[ click to read full piece at ]

Posted on November 10, 2010 by Editor

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Homer Was A Terrorist

from the New York Observer

Why Conspiracy Theorists Think ‘The Simpsons’ May Have Predicted 9/11

By Aaron Gell

Yes, it’s true. (Or might be.) For years, fringe types have pointed to amazingly sketchy but entertaining evidence that the attacks of 9/11 were actually foretold by the beloved Fox cartoon. Nearly four years before 9/11, in an episode of the show entitled “The City of New York vs. Homer Simpson,” there’s a curious little scene that some conspiracy lovers and “Simpsons” aficionados have long thought might be a warning….

Silly as that seems, members of an online forum run by crackpot David Icke—best known for his theory that various prominent figures (George W. Bush, Kris Kristofferson) are actually shape-shifting “Reptillians” bent on world domination—seem to have bought into it. Noted one: “Rumors are that the creator of the show is a 33rd degree Freemason. Harry Shearer who does 12 voices on the Simpsons is a member of the Bohemian Grove.” (Not really, but he did make a really bad film satirizing Bohemian Grove, which is close enough.)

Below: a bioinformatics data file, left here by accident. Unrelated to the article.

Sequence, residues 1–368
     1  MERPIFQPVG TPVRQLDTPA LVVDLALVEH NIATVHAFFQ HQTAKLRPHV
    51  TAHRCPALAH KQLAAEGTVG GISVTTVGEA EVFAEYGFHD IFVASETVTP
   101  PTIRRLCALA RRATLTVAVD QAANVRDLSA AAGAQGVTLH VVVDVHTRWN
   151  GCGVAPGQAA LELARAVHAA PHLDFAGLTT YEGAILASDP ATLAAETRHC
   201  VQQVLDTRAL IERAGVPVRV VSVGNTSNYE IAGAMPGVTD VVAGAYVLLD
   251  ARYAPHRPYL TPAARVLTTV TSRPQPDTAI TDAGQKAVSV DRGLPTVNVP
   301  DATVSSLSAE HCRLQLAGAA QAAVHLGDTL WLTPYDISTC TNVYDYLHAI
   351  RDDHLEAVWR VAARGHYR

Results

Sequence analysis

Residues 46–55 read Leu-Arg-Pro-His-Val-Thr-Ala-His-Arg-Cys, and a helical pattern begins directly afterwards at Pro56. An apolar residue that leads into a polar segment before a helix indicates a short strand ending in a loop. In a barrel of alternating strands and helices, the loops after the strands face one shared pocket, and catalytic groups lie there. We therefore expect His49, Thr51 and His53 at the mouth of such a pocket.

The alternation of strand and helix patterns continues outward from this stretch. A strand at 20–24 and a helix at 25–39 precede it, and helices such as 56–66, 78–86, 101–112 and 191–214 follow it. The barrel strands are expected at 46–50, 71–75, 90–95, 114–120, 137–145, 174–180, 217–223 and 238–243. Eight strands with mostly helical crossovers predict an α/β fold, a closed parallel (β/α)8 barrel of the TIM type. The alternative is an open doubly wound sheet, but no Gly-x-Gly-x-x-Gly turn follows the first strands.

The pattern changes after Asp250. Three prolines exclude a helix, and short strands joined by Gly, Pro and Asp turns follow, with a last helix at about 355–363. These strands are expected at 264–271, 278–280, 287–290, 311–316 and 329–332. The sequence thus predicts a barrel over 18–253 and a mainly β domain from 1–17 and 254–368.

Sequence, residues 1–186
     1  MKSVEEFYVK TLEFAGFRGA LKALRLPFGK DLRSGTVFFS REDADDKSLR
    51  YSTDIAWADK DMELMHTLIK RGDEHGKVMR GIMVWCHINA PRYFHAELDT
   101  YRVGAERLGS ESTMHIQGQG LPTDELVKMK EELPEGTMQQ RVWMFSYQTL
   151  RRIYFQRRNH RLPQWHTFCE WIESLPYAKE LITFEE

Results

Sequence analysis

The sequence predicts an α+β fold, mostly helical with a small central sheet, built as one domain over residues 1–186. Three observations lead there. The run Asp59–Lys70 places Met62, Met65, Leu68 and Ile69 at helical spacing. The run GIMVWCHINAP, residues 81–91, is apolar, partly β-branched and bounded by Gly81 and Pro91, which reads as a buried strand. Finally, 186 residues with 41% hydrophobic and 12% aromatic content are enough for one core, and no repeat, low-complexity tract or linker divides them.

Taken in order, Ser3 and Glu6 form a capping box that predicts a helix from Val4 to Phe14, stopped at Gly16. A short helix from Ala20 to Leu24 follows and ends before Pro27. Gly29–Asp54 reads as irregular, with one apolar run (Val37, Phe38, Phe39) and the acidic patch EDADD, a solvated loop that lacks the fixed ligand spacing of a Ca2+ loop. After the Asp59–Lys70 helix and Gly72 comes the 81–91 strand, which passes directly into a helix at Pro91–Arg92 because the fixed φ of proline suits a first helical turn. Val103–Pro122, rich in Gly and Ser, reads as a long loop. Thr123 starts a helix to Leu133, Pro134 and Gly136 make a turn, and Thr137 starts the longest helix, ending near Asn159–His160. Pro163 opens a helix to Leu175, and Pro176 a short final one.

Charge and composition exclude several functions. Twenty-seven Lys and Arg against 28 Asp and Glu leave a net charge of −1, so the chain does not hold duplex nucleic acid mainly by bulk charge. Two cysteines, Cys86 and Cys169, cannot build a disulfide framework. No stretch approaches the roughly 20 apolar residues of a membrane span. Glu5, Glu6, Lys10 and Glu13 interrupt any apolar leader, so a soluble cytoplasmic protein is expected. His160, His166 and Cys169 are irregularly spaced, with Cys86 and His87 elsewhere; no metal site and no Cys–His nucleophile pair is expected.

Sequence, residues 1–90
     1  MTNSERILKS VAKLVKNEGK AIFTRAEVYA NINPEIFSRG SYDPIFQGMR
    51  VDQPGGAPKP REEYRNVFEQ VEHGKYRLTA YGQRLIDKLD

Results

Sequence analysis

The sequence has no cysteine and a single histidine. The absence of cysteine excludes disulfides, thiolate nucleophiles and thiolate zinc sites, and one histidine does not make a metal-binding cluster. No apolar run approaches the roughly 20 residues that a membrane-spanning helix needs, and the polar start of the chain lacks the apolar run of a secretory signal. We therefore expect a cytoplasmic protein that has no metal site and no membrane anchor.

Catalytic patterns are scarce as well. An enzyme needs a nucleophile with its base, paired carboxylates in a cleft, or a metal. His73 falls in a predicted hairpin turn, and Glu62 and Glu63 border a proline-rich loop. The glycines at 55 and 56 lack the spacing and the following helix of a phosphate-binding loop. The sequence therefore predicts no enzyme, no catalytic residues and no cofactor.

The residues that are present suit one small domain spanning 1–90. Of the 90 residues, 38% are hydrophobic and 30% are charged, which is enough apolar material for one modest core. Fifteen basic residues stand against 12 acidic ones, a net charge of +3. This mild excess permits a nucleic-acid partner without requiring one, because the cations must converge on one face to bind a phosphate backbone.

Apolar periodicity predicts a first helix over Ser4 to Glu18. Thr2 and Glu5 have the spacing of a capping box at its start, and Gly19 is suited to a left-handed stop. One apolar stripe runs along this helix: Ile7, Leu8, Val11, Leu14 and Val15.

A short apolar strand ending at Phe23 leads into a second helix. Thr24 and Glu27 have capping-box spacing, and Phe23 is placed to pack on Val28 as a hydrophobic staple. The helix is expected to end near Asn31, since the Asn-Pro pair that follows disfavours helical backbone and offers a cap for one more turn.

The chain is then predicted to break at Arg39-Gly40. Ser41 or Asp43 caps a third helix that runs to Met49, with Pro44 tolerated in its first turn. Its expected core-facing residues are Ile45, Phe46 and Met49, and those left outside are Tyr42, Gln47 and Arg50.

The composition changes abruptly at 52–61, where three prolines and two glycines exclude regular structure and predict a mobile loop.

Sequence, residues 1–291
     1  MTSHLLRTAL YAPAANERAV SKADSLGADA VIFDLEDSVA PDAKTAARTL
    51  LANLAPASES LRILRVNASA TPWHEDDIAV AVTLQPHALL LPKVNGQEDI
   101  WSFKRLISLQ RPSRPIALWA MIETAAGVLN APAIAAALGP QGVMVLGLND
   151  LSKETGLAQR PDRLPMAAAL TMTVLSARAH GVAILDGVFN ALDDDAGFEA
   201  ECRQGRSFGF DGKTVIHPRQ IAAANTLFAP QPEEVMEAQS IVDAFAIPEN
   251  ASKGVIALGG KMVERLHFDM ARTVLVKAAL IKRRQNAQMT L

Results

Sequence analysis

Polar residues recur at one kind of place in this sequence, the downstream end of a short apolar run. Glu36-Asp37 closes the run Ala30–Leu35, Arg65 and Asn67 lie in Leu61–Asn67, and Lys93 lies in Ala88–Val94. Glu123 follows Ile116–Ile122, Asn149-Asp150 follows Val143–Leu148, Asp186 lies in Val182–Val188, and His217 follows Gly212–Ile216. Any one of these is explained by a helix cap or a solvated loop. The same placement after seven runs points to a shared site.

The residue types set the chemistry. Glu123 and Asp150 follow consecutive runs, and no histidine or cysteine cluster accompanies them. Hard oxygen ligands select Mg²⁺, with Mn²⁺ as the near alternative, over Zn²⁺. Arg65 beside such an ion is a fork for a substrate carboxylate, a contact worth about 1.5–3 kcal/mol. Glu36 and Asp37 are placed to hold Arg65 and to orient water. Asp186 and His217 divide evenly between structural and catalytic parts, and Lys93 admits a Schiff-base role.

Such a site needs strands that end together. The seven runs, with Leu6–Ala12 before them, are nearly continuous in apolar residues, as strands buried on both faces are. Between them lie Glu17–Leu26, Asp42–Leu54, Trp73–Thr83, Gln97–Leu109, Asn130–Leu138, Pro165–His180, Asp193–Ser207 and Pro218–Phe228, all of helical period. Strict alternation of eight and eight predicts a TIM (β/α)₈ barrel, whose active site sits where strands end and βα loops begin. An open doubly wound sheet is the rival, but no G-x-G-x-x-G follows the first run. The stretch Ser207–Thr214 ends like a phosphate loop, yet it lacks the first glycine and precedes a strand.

Anyway, ever since, a certain subset of true patriots has been parsing “The Simpsons” for hidden messages about the next devastating event. And recently, they found one.

[ click to continue reading at The Observer ]

Posted on November 9, 2010 by Editor

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A Million Little Jesuses in INTERVIEW



James Frey’s Own Personal Jesus

NATE FREEMAN  11/04/2010 11:30 AM



It’s been almost five years since The Smoking Gun called into question the veracity of James Frey’s 2003 “memoir,” A Million Little Pieces, sparking a controversy that came crashing to its climax when Oprah Winfrey berated Frey on her show for misrepresenting his (or his protagonist’s, depending on how much you believe he made up) struggle with overcoming addiction. Some believed it to be a career-ending confrontation; David Carr, writing for The New York Timesdescribed Frey and his publisher, Nan Talese, as having been “snapped in two like dry winter twigs.”